THE SENATE

S.B. NO.

964

THIRTY-FIRST LEGISLATURE, 2021

S.D. 1

STATE OF HAWAII

 

 

 

 

 

 

A BILL FOR AN ACT

 

 

RELATING TO WASTE MANAGEMENT.

 

 

BE IT ENACTED BY THE LEGISLATURE OF THE STATE OF HAWAII:

 


SECTION 1. The legislature finds that the human-induced global climate requires a thoughtful, bold, and coordinated response on many fronts to reverse global warming and make Hawaii communities more resilient to the impact of storms, floods, fire, and sea level rise that threaten the very survivability of these fragile islands. Lest Hawaii lose its leadership position in the arenas of labor, justice, and equity, the legislature embraces the philosophy of aloha aina to decarbonize Hawaii's systems of food, energy, and transportation, and to sequester carbon through systems of agriculture, waste management, and ecosystem restoration. The jobs created thereby also expand access to health, housing, and education, ensuring justice and equity for Hawaii's citizens. This Act represents a forward step in adapting Hawaii to inevitable change.

The legislature finds that as evidence mounts that our survival greatly depends on transitioning away from carbon-based fuels, a greater understanding of the relationship between human activities and the earth's natural systems points to the additional need for an equally ambitious effort to remove carbon from the atmosphere by increasing the carbon sequestration capacity of earth's soils. The rationale for this strategy can be found in long-standing soil science assessments that current greenhouse gas reduction efforts alone would be inadequate to restore livable climatic conditions.

Even if humans stop emitting greenhouse gases immediately, the present volume of greenhouse gases in the atmosphere is enough to ensure increased warming for thirty years. While climate scientists have determined that 106.25 gigatons of carbon must be withdrawn from the atmosphere to reverse global warming, soil scientists have demonstrated that the potential for earth's soils to absorb carbon far exceeds this amount. Scientific studies demonstrate that because healthy soils can hold twice the carbon stocks of plants, the key to building soil carbon sequestration capacity lies in building healthy soil.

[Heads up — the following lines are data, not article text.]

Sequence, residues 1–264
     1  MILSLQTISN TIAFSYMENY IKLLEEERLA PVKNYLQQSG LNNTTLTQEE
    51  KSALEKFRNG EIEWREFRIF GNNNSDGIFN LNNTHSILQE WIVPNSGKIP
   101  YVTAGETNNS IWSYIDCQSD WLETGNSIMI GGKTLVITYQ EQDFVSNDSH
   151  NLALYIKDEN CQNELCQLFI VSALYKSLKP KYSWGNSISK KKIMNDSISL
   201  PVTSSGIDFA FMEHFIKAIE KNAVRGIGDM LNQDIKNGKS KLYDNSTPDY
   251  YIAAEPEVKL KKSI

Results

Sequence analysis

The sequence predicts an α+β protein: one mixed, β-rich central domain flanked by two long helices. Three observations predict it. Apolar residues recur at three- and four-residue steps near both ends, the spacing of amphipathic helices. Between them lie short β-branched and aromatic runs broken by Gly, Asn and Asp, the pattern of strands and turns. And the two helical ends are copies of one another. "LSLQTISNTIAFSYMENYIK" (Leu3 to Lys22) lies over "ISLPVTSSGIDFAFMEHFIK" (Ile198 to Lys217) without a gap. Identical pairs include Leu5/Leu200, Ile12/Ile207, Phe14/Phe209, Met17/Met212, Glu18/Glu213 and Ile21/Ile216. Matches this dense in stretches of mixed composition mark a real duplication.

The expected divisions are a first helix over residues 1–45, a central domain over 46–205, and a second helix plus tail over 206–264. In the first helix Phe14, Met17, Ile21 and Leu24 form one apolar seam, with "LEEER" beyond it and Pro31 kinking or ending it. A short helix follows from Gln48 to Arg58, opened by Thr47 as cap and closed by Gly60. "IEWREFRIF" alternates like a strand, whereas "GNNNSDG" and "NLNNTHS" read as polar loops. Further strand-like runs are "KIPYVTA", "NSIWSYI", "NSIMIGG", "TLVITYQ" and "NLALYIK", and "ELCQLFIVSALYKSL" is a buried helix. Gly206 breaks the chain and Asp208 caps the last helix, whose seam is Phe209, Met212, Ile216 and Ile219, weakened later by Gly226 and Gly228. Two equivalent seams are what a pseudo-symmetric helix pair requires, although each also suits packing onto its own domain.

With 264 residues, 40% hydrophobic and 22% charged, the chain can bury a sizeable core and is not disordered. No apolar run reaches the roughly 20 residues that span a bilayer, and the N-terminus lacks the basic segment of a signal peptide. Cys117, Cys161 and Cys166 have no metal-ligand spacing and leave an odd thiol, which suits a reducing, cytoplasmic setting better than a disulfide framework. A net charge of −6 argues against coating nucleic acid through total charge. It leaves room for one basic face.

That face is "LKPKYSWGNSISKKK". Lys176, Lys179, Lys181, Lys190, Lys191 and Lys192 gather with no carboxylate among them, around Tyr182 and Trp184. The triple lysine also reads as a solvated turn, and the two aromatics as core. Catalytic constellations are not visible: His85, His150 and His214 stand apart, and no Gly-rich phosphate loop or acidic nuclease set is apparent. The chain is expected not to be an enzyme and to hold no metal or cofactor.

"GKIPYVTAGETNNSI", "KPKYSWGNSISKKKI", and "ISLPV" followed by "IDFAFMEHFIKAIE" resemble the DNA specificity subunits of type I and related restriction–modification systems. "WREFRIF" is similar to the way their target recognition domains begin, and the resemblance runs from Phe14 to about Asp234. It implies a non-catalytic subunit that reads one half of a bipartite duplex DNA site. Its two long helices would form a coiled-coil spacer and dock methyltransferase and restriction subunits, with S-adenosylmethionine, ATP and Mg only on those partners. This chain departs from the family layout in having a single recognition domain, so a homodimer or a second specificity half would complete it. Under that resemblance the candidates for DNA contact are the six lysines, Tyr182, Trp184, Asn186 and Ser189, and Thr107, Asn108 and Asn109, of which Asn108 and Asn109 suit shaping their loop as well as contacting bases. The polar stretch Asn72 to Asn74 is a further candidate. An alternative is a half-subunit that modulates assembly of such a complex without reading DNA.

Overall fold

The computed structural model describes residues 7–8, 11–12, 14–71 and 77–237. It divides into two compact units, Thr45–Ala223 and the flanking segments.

The legislature further finds that the use of composted organics with their vast stores of macro- and micro-nutrients greatly improves the health of soils in ways that protect and enhance natural systems. On the contrary, imported, petroleum-based and energy-intensive fertilizers have shown to destabilize a healthy soil microbiome.

The legislature also acknowledges that actions taken to improve soil health will reverse climate change to support Hawaii's goal of a seventy per cent reduction in the State's solid waste stream as outlined in the Aloha+ Challenge. Although the exact percentage varies from island to island, organics constitute the largest single component of Hawaii's waste stream, and account for at least fifty per cent of the materials discarded each year. Organic materials that end up in the waste stream include food, food-contaminated paper, and yard trimmings. As grassroots initiatives like the city and county of Honolulu's recent single-use plastics ban are sought to expand statewide, and as businesses voluntarily adopt earth-friendly plastic substitutes, the percentage of organics in the waste stream will grow, making the diversion of waste organics into composting programs the least costly and most direct method for the State to meet its solid waste reduction goals.

The legislature further finds that because organics in landfilled waste are the largest source of human-generated methane. Methane is a greenhouse gas with a global warming potential eighty-four times that of carbon dioxide over a twenty-year period, the diversion of waste organics into composting programs offers the least costly and most direct method to significantly reduce the amount of methane emitted from Hawaii's landfills.

The legislature further seeks to acknowledge the potential economic benefits that may accrue to Hawaii's farmers when they are able to include compost sales and carbon sequestration incentives to their income streams.

The purpose of this Act is to address the urgent need to expand the State's capacity for capturing and processing the organic waste its residents and visitors generate to reduce landfill waste while supporting local farmers and the State's commitment to take effective climate action. Additionally, this Act creates a class of artisan-scale composting operations that are exempt from Department of Health regulations and establishes by farmers and others to divert organic materials from Hawaii's landfills and sequester atmospheric carbon.

SECTION 2. Chapter 225P, Hawaii Revised Statutes, is amended by adding a new section to be appropriately designated and to read as follows: